Israel's government and the United States State Department are quietly coordinating efforts to limit damage caused by the Jonathan Jay Pollard spy case, according to both Israeli and Western sources. The coordination has included prior consultation on statements issued this week by both Israel's Cabinet and the State Department, aimed at quelling reports that Israel has offered less than full cooperation in investigating the Pollard case, the sources say.
``I think the main concern here now is damage control,'' says one Western source, speaking on condition he not be named.
The Israelis were taken aback by American news media reports last week -- based on leaks from the Justice Department -- alleging that there might be more ``Pollards'' operating on behalf of Israel in the US.
It is a charge the government here has taken pains to deny, most recently in a Cabinet statement Sunday that was coordinated with the US Embassy in Tel Aviv and with Assistant Secretary of State Richard Murphy in Washington.
``During the examination of the Pollard affair, there was sincere cooperation on the part of the Israeli government,'' the statement said. ``The government of Israel is committed to the continuation of this cooperation, which is based on the relations of trust that prevail between the two countries.''
The statement was made after Federal Bureau of Investigation director William Webster criticized what he termed Israel's ``selective cooperation'' in the Pollard case. The State Department, particularly Secretary of State George Shultz, is inclined to believe Prime Minister Shimon Peres's assurances that the Pollard affair was an isolated, unauthorized breach of the agreement between Israel and the US not to spy on each other.
After Pollard's arrest last November by the FBI on suspicion of passing secrets to Israel, the Israeli government said he had been hired by what was described as a ``rogue'' spy unit operating from inside the Israeli Defense Ministry. Israel apologized to the US, disbanded the unit, and fired its director, Rafi Eitan. The Israelis also allowed US officials to question, in Israel, several Israelis connected to the Pollard case.
Both Israel and the State Department seemed to think that the matter was behind them -- until the Justice Department's ongoing investigation revealed that Pollard had been working with an Israeli Air Force officer. The officer, Brig. Gen. Aviam Sella, an Israeli Embassy science consul, an embassy secretary, and another Israeli, were all named in the court documents made public last week when Pollard and his wife pleaded guilty to charges related to spying.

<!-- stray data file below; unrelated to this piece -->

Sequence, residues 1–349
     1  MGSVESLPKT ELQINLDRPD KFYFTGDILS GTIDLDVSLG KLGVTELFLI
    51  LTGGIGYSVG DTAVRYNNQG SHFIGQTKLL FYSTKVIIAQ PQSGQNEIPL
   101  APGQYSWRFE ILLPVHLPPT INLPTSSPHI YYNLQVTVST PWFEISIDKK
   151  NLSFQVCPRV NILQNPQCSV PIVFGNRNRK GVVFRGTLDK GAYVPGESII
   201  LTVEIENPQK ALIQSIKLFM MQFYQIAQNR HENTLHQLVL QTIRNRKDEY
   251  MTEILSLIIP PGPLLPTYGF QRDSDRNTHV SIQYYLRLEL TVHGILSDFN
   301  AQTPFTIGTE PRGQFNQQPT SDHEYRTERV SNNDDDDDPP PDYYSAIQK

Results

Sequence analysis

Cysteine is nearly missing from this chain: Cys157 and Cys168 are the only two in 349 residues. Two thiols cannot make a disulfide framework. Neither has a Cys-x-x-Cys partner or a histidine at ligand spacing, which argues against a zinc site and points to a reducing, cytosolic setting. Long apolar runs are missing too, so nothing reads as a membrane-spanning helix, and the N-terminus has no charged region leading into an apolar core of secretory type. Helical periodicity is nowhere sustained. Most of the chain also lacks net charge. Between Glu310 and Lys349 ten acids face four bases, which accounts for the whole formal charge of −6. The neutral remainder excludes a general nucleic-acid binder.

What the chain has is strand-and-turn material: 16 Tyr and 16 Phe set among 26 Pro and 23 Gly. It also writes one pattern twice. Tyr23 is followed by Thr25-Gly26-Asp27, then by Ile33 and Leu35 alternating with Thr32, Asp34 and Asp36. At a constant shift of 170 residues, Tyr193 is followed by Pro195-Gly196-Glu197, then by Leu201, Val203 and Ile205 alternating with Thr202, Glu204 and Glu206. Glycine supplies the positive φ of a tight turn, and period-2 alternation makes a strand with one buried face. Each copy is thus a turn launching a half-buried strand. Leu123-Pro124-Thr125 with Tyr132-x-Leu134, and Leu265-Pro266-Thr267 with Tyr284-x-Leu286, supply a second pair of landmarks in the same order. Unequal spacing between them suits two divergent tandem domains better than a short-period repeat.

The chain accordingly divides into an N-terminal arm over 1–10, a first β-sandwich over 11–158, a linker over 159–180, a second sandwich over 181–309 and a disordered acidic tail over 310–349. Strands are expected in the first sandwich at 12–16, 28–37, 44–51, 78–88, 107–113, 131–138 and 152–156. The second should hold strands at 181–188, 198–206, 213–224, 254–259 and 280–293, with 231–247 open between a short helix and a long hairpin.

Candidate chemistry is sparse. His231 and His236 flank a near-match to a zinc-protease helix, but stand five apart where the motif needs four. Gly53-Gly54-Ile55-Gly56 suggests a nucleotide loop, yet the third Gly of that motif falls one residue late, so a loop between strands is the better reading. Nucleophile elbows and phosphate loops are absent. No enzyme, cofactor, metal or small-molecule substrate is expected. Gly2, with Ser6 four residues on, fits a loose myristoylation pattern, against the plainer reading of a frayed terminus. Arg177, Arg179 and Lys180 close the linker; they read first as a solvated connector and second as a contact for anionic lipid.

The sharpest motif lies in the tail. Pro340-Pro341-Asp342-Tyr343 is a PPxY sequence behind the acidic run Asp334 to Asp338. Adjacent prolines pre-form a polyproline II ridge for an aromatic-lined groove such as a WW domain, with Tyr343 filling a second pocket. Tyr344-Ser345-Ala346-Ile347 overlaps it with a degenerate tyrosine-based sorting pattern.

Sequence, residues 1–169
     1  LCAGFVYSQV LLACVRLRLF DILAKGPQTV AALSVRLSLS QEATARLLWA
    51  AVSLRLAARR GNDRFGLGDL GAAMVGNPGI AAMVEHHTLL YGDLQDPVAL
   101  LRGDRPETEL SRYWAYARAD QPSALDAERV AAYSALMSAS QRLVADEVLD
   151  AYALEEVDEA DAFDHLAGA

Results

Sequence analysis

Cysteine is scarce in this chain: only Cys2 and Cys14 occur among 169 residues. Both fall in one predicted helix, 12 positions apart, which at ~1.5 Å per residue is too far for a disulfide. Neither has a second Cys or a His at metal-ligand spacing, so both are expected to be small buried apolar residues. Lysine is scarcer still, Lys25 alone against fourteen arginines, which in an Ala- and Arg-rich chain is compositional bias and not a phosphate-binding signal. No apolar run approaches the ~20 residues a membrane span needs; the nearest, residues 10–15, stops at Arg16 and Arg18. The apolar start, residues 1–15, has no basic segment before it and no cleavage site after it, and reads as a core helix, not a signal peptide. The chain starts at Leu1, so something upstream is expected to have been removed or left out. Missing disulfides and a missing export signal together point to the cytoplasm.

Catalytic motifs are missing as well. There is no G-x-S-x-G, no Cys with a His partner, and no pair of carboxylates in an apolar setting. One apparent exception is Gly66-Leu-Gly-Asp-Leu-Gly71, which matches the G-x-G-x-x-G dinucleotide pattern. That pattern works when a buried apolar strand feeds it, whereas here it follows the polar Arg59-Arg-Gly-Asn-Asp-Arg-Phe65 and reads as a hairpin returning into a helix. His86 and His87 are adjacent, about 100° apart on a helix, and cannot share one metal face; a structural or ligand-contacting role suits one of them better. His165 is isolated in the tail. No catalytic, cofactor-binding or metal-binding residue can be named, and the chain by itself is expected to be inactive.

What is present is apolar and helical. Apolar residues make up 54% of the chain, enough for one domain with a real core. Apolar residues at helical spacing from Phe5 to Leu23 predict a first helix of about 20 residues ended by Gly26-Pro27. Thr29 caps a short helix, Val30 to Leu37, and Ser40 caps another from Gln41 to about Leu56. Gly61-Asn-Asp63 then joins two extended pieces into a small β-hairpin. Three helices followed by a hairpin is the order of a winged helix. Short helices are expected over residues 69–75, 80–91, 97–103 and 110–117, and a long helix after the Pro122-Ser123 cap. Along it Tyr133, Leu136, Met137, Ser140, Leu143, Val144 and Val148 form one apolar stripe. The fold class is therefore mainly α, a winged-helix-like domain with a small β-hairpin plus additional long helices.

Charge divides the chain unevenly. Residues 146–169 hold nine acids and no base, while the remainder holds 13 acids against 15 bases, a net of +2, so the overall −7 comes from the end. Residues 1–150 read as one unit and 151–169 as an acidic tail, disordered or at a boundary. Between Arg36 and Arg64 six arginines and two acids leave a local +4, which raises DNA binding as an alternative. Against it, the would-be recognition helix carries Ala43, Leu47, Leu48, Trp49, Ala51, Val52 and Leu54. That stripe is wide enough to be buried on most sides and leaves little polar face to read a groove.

The connection with General Sella made it harder for US investigators to believe that Israel's political leaders knew nothing of Pollard, Western sources here say.
Senior Israeli officials continue to insist Mr. Eitan ``ran'' Pollard without informing his superiors and that Sella, too, was involved in the case without informing his superiors. But US investigators say that, though Eitan was dismissed from his post, he was later given a senior position at a top Israeli firm. Security services under scrutiny
The Pollard controversy, and another case involving the head of Israel's super-secret Shin Beth counter-terrorism force, have deeply embarrassed this nation's security services and raised disturbing questions about their operations.
``The real scandal is not in the United States, but here,'' says one senior Israeli official. ``These are more examples of how secrecy and compartmentalization can damage us enormously.''
In both cases, the political echelons have distanced themselves from particularly grave acts committed by the security services. In the Pollard case, hiring an American to pass secrets to Israel put at risk the single most important relationship Israel has with another nation.
In the Shin Beth case, at issue is how two Palestinian bus hijackers died after they were captured and handed over, handcuffed, to the Shin Beth two years ago. Israeli Attorney General Yitzhak Zamir, who was replaced last week, insisted he had reason to believe the men had been murdered and that Shin Beth head Avraham Shalom may have been involved in a cover-up.
Neither the Pollard nor the Shin Beth case are popular issues here. Israel, a nation that has been at war with most of its neighbors for almost 40 years, allows great leniency to its security services. Prime Minister Peres, who has resisted an investigation of Mr. Shalom, has said repeatedly that the Shin Beth is engaged in a deadly, secret war and must be protected. Peres and Foreign Minister Yitzhak Shamir seem inclined to protect the Shin Beth rather than address concerns about possible structural flaws in the security apparatus.
As one Israeli observer pointed out, ``In a country like Israel, where the work of the Shin Beth is so important, you can't even afford to have questions about their intent or capabilities.''
Israeli political analysts and some government officials insist that the Pollard and Shin Beth cases suggest that Israel may be, as one put it, ``in more danger from the Shin Beth than from terrorists.''
Israeli reporters who have followed the Shin Beth case and generally supported Mr. Zamir's insistence on an investigation say they believe that at most, only a secret investigation will be conducted ``and we will only get, at the end, a one-sentence conclusion that there was nothing to the charges,'' says one.
Few here believe that the damage caused by the Pollard affair or the Shin Beth case will move the nation's political leaders to reorganize or clean out the state's security apparatus.